Photo of author


Mensch came to English from Yiddish in the 20th century. The Yiddish word comes from a Middle High German word for person, but in Yiddish and English usage, it refers to a decent, admirable person with many good qualities. Like many words from Yiddish, mensch is a welcome addition to the language because there is no exact English one-word equivalent.

Mensch is new to English and still unfamiliar to many people, so writers often italicize it to signal that it’s a loanword. But if it stays in the language, it will go unitalicized increasingly often.


Gary Carter, the Hall of Famer and key member of the 1986 world champion New York Mets, was, to use a Yiddish expression, a mensch in every sense of the word. [Queens Chronicle]

Whatever the cause of my clients’ malaise, I cannot overstate how important it is for executives to learn how to differentiate a mensch from a manipulator without resorting to to do so. [Forbes]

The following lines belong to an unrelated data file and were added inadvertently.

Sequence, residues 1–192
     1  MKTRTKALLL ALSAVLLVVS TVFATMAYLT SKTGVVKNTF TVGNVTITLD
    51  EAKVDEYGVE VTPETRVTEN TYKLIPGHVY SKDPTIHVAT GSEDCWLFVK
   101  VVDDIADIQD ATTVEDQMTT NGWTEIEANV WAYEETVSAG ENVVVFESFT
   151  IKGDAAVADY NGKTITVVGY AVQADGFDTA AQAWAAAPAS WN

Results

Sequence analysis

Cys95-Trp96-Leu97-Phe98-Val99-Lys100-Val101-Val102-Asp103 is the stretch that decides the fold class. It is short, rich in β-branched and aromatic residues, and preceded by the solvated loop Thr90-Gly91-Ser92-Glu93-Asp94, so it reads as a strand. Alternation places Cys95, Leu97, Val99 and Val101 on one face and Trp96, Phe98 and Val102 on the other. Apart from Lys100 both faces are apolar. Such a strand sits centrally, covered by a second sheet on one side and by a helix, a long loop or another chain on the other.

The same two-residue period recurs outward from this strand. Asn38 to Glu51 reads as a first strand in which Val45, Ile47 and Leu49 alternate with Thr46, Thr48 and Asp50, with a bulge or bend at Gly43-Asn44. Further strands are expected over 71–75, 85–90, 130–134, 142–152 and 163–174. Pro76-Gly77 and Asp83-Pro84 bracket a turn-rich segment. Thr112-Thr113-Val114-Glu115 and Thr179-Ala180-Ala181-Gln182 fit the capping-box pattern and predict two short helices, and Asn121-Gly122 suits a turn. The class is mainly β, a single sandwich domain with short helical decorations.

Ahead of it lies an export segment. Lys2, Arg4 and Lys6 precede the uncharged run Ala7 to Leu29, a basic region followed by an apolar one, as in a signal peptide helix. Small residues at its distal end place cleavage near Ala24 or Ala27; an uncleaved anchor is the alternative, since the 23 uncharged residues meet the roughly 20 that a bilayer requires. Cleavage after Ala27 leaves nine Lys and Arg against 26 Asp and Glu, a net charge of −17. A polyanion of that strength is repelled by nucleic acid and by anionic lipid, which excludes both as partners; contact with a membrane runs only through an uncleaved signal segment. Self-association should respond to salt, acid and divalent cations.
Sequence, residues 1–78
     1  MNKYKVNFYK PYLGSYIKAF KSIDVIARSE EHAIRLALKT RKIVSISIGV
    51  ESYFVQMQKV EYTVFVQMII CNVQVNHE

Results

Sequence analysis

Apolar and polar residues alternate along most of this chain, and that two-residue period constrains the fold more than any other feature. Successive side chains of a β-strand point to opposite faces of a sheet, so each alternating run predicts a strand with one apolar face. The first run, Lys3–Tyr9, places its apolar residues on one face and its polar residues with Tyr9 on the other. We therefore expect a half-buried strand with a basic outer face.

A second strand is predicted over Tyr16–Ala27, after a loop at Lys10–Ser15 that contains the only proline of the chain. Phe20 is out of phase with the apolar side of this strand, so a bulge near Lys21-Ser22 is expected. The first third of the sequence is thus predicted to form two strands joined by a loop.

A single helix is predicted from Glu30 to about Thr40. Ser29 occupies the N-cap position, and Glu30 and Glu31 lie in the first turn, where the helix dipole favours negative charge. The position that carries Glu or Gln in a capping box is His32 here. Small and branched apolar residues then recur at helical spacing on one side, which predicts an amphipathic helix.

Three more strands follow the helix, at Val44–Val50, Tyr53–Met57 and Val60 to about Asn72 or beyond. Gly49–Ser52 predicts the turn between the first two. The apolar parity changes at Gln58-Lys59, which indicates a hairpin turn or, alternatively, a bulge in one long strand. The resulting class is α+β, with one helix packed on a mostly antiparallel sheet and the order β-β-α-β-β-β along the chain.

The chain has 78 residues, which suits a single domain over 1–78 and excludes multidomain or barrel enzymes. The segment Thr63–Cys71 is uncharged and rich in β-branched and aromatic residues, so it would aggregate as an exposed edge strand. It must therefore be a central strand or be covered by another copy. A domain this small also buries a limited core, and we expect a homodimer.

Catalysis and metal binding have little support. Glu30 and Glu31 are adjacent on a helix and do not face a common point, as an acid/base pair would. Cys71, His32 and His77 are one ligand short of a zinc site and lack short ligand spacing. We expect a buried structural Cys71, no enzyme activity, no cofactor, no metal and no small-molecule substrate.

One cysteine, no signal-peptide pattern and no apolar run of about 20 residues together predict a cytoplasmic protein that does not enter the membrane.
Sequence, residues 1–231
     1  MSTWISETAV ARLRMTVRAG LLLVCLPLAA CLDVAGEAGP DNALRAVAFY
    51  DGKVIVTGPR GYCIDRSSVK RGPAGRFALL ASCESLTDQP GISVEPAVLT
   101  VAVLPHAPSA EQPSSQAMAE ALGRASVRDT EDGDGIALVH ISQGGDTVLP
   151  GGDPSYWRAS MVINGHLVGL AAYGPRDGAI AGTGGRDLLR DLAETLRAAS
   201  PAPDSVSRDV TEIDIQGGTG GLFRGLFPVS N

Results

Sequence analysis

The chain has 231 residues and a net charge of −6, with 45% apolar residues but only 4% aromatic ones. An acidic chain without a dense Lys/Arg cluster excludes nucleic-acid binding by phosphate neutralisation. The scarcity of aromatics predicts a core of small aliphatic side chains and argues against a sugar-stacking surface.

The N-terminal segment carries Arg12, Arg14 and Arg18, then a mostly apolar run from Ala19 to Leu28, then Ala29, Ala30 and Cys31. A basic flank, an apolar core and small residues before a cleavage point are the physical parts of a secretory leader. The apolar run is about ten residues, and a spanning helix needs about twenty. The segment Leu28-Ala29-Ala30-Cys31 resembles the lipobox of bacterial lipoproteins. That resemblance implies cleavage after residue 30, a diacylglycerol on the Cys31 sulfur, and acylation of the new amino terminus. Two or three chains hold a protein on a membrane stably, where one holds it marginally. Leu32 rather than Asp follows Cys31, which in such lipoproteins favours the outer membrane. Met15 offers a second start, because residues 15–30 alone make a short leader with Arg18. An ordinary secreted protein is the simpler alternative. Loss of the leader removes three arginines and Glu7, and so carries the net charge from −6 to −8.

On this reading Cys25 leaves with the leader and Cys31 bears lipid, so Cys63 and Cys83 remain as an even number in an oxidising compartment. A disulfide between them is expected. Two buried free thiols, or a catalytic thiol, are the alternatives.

Adam is a mensch, handles himself with class, and in the end his team is punished for it. [Jewish Journal]

If he were a smug SOB I might feel differently, but the fact that he’s a true menschmakes me really uncomfortable when people trash him. [comment on The Good Phight]

Reiner and his old comedy partner Mel Brooks sit down with David Sternberg to talk funny business and be 100 percent delightful mensches. [AV Club]